Another Knitter: What is that you are knitting,
Me: A cover for the ramp rail out side work,
Another Knitter: Why?
Me: The knitting elective I teach is starting in 3 weeks and I thought I'd cheer up the building with some knitting. Inspire them perhaps.
Another Knitter: What is that yarn, it looks like ....
Me: Yup - it is acrylic.
One of the other knitters: Where do you get acrylic from?
and so it went on for a little more as we discussed the bargain bin yarn shops where you would expect to find acrylic yarns. I think they were more surprised I'd actually buy and knit with acrylic than that I'd knit a cover for a hand rail. I was even asked how much it was - so unfamiliar with acrylic yarns are they. Appears I can knit a cover for a 3m hand rail for about half the price of knitting a pair of socks. I am knitting a cover for the 3m hand rail that edges the ramp up to the main entrance students use to our building, its in garter stitch acrylic .. and I'm doing my best to make it as designer'ey and attractive as possible - you know because deep down I am that kind of knitter who weaves in ends and matches left and right increases and decreases, and slips all the first stitches purl-wise .. and uses wool. And being me I got a little bored working back and forth in plain garter stitch, so I'm now working a kind of two strand garter stitch on circular needles. Yes I'm knitting lime green and bright yellow and still I got a little bored, because despite all that colour there was nothing interesting going on with the knitting, just knit knit knit. So to keep it in garter stitch but spice it up a little first you knit across the work with one colour, then without turning the work, slide all the stitches back to the other end of the circular needle and knit across the work in the same direction in the second colour, Turn the work and repeat ... it makes a neat little pattern of ridges, each edged with scallops of one of the colours. I'm maybe a third of the way along the hand rail, and I've got three weeks to knit it in before classes start, and students start picking electives next week. I'd have loved to have more done, things knitted for some of the table legs, or the pull cord on the projector screen or other bits and pieces .. but there is only so much a Knitter can knit, in wool or acrylic, and there is already too much in my queue.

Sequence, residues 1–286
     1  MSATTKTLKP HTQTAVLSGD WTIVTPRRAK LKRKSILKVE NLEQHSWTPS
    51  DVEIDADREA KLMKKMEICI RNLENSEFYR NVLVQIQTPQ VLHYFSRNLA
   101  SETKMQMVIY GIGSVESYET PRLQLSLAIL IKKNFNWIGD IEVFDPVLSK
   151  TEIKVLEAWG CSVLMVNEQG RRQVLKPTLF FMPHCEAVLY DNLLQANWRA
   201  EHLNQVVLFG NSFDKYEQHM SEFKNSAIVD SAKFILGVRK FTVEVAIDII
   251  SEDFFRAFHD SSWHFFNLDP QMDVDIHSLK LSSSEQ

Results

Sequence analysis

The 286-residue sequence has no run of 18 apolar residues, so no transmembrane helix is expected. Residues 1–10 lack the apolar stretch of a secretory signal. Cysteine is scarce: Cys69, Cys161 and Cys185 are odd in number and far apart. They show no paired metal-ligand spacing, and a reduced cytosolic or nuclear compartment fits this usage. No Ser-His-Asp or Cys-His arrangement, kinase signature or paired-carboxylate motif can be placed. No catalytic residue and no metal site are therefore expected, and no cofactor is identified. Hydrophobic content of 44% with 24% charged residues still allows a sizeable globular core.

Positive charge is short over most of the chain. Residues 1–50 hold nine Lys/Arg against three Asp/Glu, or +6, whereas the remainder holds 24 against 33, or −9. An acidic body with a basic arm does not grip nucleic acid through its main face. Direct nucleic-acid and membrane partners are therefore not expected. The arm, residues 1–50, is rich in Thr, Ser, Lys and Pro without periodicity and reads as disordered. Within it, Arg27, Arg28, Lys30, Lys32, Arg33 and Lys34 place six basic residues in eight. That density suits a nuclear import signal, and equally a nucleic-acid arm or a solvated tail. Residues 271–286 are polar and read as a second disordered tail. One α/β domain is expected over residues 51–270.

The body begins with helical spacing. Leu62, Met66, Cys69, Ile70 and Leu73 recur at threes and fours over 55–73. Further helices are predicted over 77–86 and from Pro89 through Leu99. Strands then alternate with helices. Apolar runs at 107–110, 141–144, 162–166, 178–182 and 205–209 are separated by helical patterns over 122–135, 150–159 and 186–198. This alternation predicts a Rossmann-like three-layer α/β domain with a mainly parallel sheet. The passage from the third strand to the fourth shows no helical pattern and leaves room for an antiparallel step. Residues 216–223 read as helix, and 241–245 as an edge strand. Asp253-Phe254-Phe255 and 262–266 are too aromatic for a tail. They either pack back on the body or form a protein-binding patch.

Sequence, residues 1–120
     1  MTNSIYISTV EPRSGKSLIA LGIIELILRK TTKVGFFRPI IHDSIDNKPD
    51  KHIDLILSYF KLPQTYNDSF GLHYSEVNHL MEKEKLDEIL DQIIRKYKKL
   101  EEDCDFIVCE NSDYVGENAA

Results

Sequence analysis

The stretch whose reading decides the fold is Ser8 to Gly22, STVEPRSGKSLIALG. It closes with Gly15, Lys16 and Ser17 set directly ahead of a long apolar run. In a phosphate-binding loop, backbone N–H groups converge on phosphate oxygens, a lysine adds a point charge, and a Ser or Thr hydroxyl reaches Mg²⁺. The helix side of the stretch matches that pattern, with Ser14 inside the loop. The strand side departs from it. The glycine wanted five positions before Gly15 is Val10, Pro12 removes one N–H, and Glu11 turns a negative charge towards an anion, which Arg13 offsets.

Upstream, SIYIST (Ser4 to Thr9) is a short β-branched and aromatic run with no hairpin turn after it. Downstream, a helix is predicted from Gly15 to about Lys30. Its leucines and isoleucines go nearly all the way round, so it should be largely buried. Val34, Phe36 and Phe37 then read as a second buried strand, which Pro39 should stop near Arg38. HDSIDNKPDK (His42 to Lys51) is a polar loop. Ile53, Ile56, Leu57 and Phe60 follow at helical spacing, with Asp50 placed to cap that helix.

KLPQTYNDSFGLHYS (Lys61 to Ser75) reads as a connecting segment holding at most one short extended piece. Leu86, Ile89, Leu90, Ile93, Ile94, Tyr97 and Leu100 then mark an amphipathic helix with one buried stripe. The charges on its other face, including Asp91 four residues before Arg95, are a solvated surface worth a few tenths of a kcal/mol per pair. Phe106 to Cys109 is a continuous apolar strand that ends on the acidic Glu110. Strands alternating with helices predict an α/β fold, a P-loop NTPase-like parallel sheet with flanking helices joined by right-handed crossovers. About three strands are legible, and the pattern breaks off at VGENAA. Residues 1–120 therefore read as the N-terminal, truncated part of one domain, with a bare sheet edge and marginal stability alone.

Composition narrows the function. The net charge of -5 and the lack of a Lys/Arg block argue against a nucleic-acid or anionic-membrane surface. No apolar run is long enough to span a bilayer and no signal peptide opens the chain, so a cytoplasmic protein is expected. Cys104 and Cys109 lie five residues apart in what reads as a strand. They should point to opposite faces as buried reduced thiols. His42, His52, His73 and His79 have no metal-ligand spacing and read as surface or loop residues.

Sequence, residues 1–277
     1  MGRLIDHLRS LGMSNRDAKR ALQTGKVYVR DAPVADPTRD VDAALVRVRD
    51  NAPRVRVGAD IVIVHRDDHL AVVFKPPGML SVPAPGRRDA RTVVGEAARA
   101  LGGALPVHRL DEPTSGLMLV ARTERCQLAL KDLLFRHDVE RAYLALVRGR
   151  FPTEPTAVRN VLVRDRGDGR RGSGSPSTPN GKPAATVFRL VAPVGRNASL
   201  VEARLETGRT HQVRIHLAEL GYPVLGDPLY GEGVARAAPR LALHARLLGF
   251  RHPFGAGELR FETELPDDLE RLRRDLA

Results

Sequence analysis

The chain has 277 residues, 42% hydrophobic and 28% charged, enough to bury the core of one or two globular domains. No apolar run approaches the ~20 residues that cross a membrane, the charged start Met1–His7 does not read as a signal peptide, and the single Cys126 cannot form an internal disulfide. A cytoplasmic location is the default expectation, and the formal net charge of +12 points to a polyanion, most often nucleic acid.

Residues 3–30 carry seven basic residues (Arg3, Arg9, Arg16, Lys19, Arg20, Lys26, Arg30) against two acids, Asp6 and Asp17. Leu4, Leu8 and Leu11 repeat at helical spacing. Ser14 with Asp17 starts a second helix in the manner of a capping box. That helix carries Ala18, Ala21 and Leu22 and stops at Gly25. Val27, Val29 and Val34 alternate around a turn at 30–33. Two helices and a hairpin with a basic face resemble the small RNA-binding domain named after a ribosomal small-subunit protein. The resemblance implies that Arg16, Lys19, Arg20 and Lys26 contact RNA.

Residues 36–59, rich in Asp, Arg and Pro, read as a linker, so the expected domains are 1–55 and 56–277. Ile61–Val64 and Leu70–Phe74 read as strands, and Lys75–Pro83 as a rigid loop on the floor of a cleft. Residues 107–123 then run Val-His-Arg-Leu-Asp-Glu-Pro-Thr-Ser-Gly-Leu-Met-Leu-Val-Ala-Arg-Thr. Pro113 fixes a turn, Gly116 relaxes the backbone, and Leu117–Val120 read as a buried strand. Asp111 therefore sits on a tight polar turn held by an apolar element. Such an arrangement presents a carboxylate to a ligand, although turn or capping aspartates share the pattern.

Then there is the other knitting, the real project knitting, Tobys little brown possum sweater and another bump of fibre leaves the wheel, and there is some stashing. The first sleeve is nearly done, I'm decreasing in preparation for knitting the cuff. I use a different decrease pattern to what is usually recommended, I like to decrease at quarter points every 4th or 5th round, this funnels the sleeve evenly, rather than just removes fabric at the underside of the wrist. A few more decrease rounds and I'll be ready to work 4 rounds of garter and some 2x2 rib.
This is the latest spinning, Romney fibre, blue from Chilko fibres in Ashburton. Its a lovely mix of navy, dark grey, petrol, indigo, green, olive and blue-black, so I Navajo plied it to keep the colour changes intact. I am rather pleased with this yarn, its fairly consistent, with no real thin or over twisted plies - you know I might finally be finding my spinning rhythm. Its a little thicker than DK, so possibly best described as Aran, with 125m in 109g. I'm thinking a hat, for moi?